8. The transmission line as recited in claim 1, wherein at least one more additional pattern is combined with the continuous pattern, the additional pattern selected from the group consisting of: helical indentations, concentric indentations, helical knurl indentations, diamond knurl indentations, spherical indentations, dash indentations, and straight knurl indentations.

9. A coaxial cable, for aerospace applications, comprising:

an outer conductor;
a center conductor having a conductive surface with a continuous recessed pattern distributed on the conductive surface wherein the pattern runs continuously along the length of the conductor, the continuous pattern comprising indentations that are approximately between 0.001 and 0.004 of an inch deep, the continuous pattern defining a non-recessed conductive surface on the center conductor;
one or more layers of polytetrafluoroethylene (PTFE) tape encasing the center conductor, wherein the non-recessed conductive surface of the center conductor is in continuous, direct contact with one of said layers; said PTFE tape separating the outer conductor from the center conductor; and,
wherein the continuous recessed pattern provides a coefficient of friction between the one or more layers of PTFE tape and the conductive surface great enough to prevent the one or more layers of PTFE tape from moving in an axial direction when the transmission line is exposed to an extreme temperature fluctuation.

10. The coaxial cable as recited in claim 9, wherein the extreme temperature fluctuation includes temperature variations ranging from below negative 20 degrees Fahrenheit to over 200 degree Fahrenheit.

11. The coaxial cable as recited in claim 9, wherein the conductive surface is silver.

12. The coaxial cable as recited in claim 9, wherein the continuous pattern comprises helical indentations.

13. The coaxial cable as recited in claim 9, wherein the continuous pattern comprises helical knurl indentations.

14. The coaxial cable as recited in claim 9, wherein the continuous pattern comprises diamond knurl indentations.

15. A coaxial cable, comprising:

an outer conductor;
a center conductor comprising a silver-plated conductive surface with a continuous recessed pattern distributed thereon, the continuous pattern extending continuously along the length of the conductor and comprising indentations that are approximately between 0.001 and 0.004 inches deep, the continuous pattern defining a non-recessed conductive surface on the center conductor;
one or more layers of polytetrafluoroethylene (PTFE) tape separating the outer conductor from the center conductor, wherein the non-recessed conductive surface of the center conductor is in continuous, direct contact with one of said layers; and,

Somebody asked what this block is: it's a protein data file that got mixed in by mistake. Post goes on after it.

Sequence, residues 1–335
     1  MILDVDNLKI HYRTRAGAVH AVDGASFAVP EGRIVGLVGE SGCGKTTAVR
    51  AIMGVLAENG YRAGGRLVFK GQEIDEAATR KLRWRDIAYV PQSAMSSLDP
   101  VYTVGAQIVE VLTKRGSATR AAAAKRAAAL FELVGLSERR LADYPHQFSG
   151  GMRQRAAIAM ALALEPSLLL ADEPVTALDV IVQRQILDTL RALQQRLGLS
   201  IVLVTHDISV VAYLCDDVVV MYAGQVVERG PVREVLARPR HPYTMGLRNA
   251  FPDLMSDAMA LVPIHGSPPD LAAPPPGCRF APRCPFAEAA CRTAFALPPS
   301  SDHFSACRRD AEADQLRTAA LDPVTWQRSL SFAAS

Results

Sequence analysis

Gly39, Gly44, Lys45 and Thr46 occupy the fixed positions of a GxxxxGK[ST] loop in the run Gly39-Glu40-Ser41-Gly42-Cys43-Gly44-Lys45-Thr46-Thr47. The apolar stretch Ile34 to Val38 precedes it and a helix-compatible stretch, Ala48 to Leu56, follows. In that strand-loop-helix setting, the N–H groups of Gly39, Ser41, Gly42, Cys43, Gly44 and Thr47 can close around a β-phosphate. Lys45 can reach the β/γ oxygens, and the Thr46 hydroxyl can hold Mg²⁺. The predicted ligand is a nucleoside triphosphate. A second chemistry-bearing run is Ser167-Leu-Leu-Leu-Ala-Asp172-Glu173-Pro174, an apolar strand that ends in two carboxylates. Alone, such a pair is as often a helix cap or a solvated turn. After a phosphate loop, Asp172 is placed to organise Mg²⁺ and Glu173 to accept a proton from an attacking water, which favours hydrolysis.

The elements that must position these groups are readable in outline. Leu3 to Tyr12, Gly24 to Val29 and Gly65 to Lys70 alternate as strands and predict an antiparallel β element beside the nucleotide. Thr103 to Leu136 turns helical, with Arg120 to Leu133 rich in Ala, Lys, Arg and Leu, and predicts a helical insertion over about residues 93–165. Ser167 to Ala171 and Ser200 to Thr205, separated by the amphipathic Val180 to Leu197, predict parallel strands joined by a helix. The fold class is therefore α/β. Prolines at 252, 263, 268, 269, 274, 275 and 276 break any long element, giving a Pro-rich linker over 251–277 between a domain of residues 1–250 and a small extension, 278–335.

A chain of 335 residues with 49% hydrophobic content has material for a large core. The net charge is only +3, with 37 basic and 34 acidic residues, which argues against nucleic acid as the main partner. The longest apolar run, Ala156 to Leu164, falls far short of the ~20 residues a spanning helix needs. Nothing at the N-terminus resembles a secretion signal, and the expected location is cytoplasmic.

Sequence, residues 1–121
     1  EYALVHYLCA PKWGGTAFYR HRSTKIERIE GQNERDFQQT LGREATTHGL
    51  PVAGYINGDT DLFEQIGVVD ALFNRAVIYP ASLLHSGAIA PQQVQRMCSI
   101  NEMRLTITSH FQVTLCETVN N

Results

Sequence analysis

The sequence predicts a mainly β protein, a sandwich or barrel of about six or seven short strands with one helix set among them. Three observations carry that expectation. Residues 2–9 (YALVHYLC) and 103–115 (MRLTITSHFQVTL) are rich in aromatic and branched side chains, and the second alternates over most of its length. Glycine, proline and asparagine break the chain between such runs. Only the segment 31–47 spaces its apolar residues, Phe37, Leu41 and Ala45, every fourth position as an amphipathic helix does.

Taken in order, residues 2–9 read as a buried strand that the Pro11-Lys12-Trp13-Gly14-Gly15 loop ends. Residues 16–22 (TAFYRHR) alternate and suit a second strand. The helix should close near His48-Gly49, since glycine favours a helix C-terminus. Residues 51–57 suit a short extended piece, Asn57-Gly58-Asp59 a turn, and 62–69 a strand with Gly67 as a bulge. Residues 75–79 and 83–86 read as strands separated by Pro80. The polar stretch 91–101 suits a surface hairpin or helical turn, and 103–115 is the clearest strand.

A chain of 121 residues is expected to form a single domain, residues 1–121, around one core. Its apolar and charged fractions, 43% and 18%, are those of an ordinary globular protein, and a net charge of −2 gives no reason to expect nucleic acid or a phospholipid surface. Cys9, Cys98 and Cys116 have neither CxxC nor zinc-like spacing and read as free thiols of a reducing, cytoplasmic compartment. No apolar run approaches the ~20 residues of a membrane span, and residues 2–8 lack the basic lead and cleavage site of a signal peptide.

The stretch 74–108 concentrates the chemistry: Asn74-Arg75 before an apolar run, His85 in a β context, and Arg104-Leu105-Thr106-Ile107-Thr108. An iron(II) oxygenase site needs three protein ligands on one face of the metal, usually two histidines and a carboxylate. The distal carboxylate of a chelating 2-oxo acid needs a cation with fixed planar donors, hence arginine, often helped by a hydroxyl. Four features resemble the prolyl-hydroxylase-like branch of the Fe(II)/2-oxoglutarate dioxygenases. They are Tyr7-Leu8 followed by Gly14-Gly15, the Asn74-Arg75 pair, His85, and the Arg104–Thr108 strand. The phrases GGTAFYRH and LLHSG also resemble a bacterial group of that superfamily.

wherein the continuous recessed pattern is configured to prevent the one or more layers of PTFE tape from moving in an axial direction when the coaxial cable is exposed to repetitive and extreme temperature fluctuations.

16. The coaxial cable as recited in claim 15, wherein the extreme temperature fluctuations range from below negative 20 degrees Fahrenheit to over 200 degrees Fahrenheit.

17. The coaxial cable as recited in claim 15, wherein the continuous pattern comprises helical indentations.

18. The coaxial cable as recited in claim 15, wherein the continuous pattern comprises helical knurl indentations.

19. The coaxial cable as recited in claim 15, wherein the continuous pattern comprises diamond knurl indentations.

20. The coaxial cable as recited in claim 15, wherein at lease one more additional pattern is combined with the continuous pattern, the additional pattern selected from the group consisting of: helical indentations, concentric indentations, helical knurl indentations, diamond knurl indentations, spherical indentations, dash indentations, and straight knurl indentations.

Referenced Cited
U.S. Patent Documents
290769 December 1883 Gray
543960 August 1895 Gray
4280016 July 21, 1981 Ege
4626810 December 2, 1986 Nixon
4687884 August 18, 1987 DeHart
5430255 July 4, 1995 Downie et al.
5938474 August 17, 1999 Nelson
6541708 April 1, 2003 Suehiro
20030178224 September 25, 2003 Goto
20040168888 September 2, 2004 Brixius et al.
Patent History
Patent number: 8278556
Type: Grant
Filed: Mar 17, 2003
Date of Patent: Oct 2, 2012
Patent Publication Number: 20040182598
Assignee: Cobham Defense Electronic Systems Corporation (Bolton, MA)
Inventor: Peter Michael Waltz (Exeter, NH)
Primary Examiner: Chau Nguyen
Attorney: Jaeckle, Fleischmann & Mugel, LLP
Application Number: 10/389,790
Classifications
Current U.S. Class: Corrugated Or Slotted (174/126.3); Coaxial Or Concentric Type (174/28)
International Classification: H01B 5/02 (20060101);